How to do a Timelapse on a Digital Camera

Timelapse photography is a tried-and-true creative technique used the world over by advanced shutterbugs. How to do a timelapse on a top rated digital camera? Keep reading to find out.

KEY TAKEAWAYS:

  • Timelapse photography is a technique by which an artist creates a video sourced from multiple images taken at the same spot but at different time intervals.
  • To begin a timelapse, make sure your camera has a dedicated timelapse setting or that you own a timer remote, otherwise known as an intervalometer.
  • Be sure to set the interval before you begin according to aesthetic preference

What is a Timelapse?

A timelapse is a video, of sorts, that uses a number of different still images taken at different time intervals. These intervals can be set to just about any time you want, so feel free to experiment.

Insider Tip

A timelapse is a video, of sorts, that uses a number of different still images taken at different time intervals.

Why Do a Timelapse Photo?

In short? Timelapse videos are cool, making them a go-to for creative photographers and budding videographers. You can show the passage of time, such as when certain artists created a timelapse made from one still image each day throughout a year or even longer in some cases.

How to do a Timelapse on a Digital Camera?

There are multiple ways to create a timelapse, though the exact methodology will depend on the make and model of your digital camera. Still, we have created this list of general guidelines to adopt to make sure you get a stunning timelapse. Understandably, you may not get everything right on your first attempt, and that’s why it is crucial to learn how to delete photos from your digital camera to remove poor-quality images after every trial, until you perfect this technique.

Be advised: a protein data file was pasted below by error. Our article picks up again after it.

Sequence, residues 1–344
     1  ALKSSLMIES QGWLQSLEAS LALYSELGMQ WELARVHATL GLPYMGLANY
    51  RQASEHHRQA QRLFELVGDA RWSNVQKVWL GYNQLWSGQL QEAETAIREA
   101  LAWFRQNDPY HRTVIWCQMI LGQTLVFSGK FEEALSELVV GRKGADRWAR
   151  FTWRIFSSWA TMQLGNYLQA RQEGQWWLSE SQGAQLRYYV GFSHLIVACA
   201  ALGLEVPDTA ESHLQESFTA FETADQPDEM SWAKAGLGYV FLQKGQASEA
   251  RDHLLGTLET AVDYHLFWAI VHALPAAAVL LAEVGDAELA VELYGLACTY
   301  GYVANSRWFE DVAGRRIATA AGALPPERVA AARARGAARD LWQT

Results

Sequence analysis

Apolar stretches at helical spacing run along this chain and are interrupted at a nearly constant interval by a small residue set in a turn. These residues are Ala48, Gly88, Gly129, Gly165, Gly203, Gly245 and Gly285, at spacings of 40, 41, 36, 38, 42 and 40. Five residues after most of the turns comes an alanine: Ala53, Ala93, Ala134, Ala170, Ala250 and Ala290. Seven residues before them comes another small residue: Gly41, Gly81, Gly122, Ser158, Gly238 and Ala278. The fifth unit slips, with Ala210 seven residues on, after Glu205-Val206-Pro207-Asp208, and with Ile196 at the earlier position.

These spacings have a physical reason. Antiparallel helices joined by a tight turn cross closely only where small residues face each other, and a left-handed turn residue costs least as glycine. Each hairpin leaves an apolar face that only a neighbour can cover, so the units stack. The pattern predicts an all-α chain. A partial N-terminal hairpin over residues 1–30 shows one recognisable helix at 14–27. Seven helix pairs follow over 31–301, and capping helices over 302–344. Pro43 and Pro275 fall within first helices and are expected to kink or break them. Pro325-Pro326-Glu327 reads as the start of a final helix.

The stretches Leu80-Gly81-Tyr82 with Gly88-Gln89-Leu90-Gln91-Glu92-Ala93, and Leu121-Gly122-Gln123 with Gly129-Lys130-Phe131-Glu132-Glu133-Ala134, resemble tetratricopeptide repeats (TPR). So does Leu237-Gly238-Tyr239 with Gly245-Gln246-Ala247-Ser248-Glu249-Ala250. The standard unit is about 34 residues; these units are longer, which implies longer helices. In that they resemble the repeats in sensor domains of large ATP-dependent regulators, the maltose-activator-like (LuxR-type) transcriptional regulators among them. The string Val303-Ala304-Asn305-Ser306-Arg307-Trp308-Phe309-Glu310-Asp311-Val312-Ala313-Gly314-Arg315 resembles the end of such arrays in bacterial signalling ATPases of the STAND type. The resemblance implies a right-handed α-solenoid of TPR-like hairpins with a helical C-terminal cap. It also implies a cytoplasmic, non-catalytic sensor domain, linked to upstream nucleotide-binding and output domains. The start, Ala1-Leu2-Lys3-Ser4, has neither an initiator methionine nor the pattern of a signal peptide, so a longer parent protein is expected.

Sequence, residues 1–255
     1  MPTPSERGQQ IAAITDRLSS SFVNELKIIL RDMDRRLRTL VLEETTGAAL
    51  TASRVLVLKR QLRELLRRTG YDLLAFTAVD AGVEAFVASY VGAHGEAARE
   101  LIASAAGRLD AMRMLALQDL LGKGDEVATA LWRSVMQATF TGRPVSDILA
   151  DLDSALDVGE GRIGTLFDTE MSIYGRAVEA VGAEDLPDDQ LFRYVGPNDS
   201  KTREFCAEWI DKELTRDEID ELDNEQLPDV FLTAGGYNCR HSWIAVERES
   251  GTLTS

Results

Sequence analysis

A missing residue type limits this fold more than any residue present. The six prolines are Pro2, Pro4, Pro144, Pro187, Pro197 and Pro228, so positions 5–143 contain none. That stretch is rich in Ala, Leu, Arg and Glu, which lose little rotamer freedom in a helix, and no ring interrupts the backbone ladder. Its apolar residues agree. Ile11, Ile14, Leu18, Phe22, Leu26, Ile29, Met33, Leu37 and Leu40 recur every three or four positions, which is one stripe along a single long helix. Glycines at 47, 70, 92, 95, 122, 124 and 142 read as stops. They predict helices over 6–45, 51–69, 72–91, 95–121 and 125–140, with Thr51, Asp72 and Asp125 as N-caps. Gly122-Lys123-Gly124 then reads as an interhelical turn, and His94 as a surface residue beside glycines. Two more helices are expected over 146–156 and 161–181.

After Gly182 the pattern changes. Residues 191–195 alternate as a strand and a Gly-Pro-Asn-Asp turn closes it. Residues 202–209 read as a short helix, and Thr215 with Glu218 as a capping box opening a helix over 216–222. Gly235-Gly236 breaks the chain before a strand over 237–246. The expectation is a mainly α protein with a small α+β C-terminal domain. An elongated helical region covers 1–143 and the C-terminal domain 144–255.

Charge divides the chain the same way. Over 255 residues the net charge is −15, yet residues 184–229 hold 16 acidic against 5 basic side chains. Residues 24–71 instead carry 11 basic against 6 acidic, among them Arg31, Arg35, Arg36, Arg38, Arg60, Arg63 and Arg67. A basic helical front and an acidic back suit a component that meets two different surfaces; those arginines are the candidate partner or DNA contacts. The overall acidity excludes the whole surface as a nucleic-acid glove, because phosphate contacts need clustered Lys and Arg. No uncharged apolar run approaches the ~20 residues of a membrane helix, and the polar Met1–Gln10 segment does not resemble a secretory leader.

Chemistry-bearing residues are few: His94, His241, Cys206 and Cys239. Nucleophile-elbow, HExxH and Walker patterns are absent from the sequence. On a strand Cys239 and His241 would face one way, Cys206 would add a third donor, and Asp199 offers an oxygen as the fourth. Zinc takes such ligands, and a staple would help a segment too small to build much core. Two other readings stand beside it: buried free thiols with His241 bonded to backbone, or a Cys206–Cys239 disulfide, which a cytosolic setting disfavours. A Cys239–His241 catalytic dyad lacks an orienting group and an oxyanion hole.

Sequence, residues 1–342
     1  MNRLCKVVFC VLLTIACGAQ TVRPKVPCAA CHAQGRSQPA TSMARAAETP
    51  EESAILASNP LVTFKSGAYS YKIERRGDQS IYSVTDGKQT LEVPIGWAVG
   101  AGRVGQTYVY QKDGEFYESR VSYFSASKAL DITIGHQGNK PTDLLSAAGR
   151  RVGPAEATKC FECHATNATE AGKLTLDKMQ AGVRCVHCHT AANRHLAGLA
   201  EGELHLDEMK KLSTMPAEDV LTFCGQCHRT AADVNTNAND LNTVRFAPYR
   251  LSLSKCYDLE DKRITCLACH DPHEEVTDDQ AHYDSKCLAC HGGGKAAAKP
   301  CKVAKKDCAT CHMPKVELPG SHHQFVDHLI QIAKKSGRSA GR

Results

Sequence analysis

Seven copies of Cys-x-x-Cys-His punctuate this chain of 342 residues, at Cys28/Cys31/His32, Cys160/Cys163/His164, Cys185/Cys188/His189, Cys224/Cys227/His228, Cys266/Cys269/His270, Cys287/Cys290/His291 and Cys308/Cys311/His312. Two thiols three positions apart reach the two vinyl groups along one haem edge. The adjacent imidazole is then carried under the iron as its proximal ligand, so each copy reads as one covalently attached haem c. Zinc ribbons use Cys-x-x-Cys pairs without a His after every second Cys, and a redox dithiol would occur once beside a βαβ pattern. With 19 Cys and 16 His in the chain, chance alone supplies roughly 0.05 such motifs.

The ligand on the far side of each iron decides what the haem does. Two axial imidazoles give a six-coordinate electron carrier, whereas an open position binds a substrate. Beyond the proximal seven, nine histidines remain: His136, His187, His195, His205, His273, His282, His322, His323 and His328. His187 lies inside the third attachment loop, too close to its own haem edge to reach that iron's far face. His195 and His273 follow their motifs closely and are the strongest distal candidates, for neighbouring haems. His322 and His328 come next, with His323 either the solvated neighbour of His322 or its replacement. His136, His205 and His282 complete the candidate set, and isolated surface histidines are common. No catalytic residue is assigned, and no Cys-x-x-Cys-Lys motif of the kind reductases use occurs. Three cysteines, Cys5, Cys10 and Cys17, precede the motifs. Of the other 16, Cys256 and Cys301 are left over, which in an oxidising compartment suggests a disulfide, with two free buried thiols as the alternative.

Insider Tip

Another tool you will most definitely need is a tripod.

Some Tools You Might Need

Depending on the age of your camera, you may need something called an intervalometer, sometimes referred to as a timer remote. This device will manually activate the shutter according to pre-determined time intervals. Of course, many modern DSLR cameras will have a dedicated timelapse function in the settings that will do this as a matter of course. Read the instructions before attempting a timelapse.

Another tool you will most definitely need is a tripod. You will want the timelapse to appear seamless, so you will need the camera to be in the same exact spot for each image. Above all, you need to learn how to do depth of field on a digital camera to ensure you capture great images.

Choose the Interval

No matter if you are using a timer remote or your camera’s built-in timelapse function, you will have to choose the interval. This will depend on personal preference and what you are going for. Looking to capture the growth of body hair? Set the interval to once per day. Looking to capture the sun rising and setting? Set the interval to once every ten minutes or so. The sky is the limit here.

Multiple Timelapses

A lot can go wrong during a timelapse, as they involve a camera sitting for long periods of time. Double the chances of success by taking two time-lapses at once. You will need two cameras for this, but the results may be worth it.

Warning

Depending on the age of your camera, you may need something called an intervalometer, sometimes referred to as a timer remote.

F.A.Q.

What is timelapse photography used for?

Anytime you want to create a short video from still images, timelapse photography is a great option. Think of cars passing through a busy highway or a flower blooming.


What is the best shutter speed for a timelapse?

There is no universally accepted “best” shutter speed, but a good rule of thumb is to double your frame rate. In other words, if you are shooting at 25FPS, go for a shutter speed of 1/50.


How many photos do I need for a timelapse?

Again, there is no hard and fast rule here but the more the merrier. For a ten to 15 second clip, go with 300 to 450 still images.



STAT: In 2018, the International Space Station released the longest continuous timelapse video ever recorded in space. It orbited the Earth twice before stopping. (source)

Lawrence Bonk

Lawrence Bonk is a copywriter with a decade of experience in the tech space, with columns appearing in Engadget, Huffington Post and CBS, among others. He has a cat named Cinnamon.

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